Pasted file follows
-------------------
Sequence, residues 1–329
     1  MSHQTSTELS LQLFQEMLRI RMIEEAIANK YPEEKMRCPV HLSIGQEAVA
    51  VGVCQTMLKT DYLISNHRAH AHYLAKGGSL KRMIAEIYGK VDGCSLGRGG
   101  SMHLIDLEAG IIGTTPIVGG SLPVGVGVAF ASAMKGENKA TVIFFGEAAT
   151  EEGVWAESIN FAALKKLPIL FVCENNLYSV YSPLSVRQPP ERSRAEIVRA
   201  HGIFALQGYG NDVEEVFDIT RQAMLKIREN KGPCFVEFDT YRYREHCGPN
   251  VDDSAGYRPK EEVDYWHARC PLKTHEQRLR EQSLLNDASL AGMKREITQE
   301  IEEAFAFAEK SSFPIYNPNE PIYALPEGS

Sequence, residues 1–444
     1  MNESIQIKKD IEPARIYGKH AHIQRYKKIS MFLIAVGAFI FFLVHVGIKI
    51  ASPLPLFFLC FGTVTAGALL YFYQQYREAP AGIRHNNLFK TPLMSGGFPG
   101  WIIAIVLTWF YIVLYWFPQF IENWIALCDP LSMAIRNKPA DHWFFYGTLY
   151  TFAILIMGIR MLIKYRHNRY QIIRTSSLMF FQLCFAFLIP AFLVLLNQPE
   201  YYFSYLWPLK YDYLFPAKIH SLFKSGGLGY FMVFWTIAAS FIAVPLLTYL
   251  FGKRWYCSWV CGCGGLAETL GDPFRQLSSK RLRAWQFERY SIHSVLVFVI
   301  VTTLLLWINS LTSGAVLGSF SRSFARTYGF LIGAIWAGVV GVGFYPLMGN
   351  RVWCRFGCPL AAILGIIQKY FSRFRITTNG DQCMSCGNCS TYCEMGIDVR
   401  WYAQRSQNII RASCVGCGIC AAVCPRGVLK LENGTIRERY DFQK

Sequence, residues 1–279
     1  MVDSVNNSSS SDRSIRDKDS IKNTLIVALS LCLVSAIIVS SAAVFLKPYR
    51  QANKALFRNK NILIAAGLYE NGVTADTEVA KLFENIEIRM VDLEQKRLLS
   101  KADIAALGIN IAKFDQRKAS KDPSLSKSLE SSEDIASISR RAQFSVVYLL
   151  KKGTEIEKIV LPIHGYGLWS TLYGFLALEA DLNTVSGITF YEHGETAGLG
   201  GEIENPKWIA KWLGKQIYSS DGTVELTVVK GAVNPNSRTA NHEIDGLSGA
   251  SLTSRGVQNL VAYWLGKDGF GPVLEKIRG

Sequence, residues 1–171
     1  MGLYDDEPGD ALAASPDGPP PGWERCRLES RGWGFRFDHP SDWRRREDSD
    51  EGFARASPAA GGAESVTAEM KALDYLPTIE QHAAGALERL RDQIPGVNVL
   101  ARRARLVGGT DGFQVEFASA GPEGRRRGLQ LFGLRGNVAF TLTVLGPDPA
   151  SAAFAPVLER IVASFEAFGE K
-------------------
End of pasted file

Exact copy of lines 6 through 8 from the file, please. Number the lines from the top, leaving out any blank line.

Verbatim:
   201  HGIFALQGYG NDVEEVFDIT RQAMLKIREN KGPCFVEFDT YRYREHCGPN
   251  VDDSAGYRPK EEVDYWHARC PLKTHEQRLR EQSLLNDASL AGMKREITQE
   301  IEEAFAFAEK SSFPIYNPNE PIYALPEGS